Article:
One name, two denominations: New Apostolic in South Africa
For more than a decade, there were two denominations that carried the name “New Apostolic Church” in South Africa. Between 1913 and 1926 Apostle Carl Georg Klibbe, who was the more senior of the two, and Apostle Schlaphoff each led one of the New Apostolic Churches. The case was finally settled in court.
For more than a decade, there were two denominations that carried the name “New Apostolic Church” in South Africa. Between 1913 and 1926 Apostle Carl Georg Klibbe and the newly ordained Apostle Schlaphoff each led one of the New Apostolic Churches. The case was finally settled in court.
Georg Heinrich Wilhelm Schlaphoff was born on 14 February 1867 in the north of Germany. When he was seven years old, his father died, which threw the family into great financial difficulties. He apprenticed as a shoemaker and received his master’s diploma but failed to make a living from it. He decided to emigrate to South Africa in 1890—it was the time of the South African gold rush.
In East London in the Eastern Cape he found a new home and became acquainted with the first New Apostolic congregation in South Africa. On Pentecost 1902 Wilhelm Schlaphoff and his family were sealed by Apostle Klibbe. He, a former Lutheran pastor, was also from Germany and had emigrated to South Africa following stopovers in Scotland and Australia.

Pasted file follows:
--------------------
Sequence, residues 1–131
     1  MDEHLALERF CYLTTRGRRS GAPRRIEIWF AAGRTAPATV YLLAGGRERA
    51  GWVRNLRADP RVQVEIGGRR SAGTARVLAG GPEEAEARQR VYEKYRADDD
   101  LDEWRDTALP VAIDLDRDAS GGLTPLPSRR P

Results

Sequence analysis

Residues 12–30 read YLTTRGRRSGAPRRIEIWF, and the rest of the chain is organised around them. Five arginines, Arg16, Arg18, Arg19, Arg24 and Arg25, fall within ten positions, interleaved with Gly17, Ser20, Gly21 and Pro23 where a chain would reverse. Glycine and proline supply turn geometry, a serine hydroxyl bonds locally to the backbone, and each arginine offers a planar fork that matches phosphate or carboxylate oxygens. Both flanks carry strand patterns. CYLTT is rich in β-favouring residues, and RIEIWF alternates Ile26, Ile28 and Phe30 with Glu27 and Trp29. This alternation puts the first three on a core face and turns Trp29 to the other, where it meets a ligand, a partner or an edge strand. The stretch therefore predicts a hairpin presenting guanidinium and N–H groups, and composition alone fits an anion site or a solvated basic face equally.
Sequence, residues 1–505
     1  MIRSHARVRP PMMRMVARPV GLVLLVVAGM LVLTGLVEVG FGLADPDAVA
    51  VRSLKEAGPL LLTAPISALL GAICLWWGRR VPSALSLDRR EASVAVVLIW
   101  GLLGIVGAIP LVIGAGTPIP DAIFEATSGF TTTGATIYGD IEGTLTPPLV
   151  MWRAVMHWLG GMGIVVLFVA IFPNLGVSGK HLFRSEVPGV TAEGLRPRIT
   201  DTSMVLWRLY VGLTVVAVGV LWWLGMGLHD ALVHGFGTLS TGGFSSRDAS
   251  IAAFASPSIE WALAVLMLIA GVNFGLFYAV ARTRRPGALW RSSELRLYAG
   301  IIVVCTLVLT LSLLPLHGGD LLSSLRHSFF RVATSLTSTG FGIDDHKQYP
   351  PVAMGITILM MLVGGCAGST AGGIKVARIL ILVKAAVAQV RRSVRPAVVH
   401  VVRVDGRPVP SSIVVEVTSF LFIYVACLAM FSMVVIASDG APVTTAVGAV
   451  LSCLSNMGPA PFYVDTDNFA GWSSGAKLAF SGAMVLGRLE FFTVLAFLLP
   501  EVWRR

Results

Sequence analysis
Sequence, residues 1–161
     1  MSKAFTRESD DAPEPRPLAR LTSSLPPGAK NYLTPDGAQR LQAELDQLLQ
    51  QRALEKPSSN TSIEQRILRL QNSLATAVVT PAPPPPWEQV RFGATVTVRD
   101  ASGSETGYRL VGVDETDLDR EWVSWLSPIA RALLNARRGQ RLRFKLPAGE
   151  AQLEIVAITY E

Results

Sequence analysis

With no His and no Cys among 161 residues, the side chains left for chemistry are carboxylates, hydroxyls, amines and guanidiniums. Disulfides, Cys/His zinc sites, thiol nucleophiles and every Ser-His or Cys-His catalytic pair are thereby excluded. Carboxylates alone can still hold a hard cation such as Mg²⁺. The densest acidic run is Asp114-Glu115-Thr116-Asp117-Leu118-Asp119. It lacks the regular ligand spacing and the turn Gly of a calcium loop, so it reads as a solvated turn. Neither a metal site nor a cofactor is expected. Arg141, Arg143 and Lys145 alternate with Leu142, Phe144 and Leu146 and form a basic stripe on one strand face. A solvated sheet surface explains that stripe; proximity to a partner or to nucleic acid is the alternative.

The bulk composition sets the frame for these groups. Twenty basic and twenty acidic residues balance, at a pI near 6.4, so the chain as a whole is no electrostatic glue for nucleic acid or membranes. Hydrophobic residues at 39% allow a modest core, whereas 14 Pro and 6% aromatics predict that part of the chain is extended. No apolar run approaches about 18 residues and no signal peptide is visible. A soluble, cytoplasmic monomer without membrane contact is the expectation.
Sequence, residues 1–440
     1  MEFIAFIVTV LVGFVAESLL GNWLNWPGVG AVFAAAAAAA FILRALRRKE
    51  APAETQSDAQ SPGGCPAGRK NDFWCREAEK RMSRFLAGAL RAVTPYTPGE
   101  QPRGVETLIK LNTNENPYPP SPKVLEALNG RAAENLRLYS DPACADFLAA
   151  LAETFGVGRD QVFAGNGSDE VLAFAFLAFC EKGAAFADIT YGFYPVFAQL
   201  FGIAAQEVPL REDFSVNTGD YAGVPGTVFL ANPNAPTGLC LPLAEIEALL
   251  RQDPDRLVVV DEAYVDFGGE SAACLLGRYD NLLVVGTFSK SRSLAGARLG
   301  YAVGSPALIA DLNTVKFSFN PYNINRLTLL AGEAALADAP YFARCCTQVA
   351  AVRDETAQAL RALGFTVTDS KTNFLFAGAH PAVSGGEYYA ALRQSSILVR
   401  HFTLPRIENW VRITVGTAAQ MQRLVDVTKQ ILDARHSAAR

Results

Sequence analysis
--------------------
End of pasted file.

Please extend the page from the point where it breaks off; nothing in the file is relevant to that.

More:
Establishing the Church
Together they established the New Apostolic Church in South Africa. In 1903 the Apostle dispatched the newly ordained Evangelist-Deacon to Cape Town. At first, Wilhelm Schlaphoff conducted services in his own home, later on in rented premises, and as of 1906 in the Church’s first own church building, Claremont. The sermons were conducted in German at the time, so that the neighbours always talked about the German Apostolic church.
The pattern was repeated. Whenever a congregation was doing well, new ministers were ordained and dispatched to begin with mission work in new cities. Before long, congregations were established in Port Elizabeth, Durban, and Johannesburg. In 1910 the Church was officially registered as “The New Apostolic Church (Africa)”.
That same year, Apostle Klibbe called his companion into the Bishop ministry, but in 1912 he downgraded him to the rank of District Elder. Wilhelm Schlaphoff wanted to clear the matter up and contacted Chief Apostle Hermann Niehaus. But Carl Klibbe—like his mentor Apostle Heinrich Friedrich Niemeyer in Australia—had issues with the ministry of the Church leader: he rejected the pre-eminent position of the Chief Apostle.
This did not go unnoticed in Germany. On 28 July 1913 the Apostles’ Council in Quelle debated the question of how they could help the African congregations now that Apostle Klibbe had gone his own way. The answer followed on 21 September 1913: Wilhelm Schlaphoff received the Apostle ministry for Africa.
More problems were in store for the new Apostle in South Africa. With the outbreak of World War One, Schlaphoff, being of German descent, was interned in 1914. Although he was released after a few years, he was subject to strict travel restrictions.
The Apostles Schlaphoff and Klibbe met again in court. Case 432 of the year 1926 involved the name which both men claimed for their church. Following the court hearing, the two parties reached an agreement, and Klibbe carried on his activities under the name “The Old Apostolic Church of Africa”.
The New Apostolic Church (Africa) had nearly 40 congregations and about 7,000 members when Apostle Schlaphoff set out on a journey to visit all the congregations. When he arrived in Johannesburg he suddenly became ill and passed away. This was in July 1928. His successor, Heinrich Franz Schlaphoff, who was very dynamic not only continued his father’s work but consolidated it. .
Author: Andreas Rother